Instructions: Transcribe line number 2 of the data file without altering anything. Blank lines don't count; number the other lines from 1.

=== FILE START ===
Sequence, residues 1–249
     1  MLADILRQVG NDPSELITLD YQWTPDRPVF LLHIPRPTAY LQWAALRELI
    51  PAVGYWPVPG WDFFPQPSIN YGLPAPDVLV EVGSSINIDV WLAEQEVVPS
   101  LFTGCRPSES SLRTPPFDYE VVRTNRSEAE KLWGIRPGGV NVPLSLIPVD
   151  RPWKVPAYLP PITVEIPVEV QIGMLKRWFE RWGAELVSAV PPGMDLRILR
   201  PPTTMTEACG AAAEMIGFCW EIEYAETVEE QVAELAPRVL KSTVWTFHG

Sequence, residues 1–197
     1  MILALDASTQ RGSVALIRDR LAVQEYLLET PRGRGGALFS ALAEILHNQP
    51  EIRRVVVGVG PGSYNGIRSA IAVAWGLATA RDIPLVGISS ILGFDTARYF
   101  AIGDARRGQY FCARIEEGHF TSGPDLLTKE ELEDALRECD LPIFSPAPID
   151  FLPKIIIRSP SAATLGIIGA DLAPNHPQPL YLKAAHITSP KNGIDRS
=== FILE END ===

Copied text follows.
     1  MLADILRQVG NDPSELITLD YQWTPDRPVF LLHIPRPTAY LQWAALRELI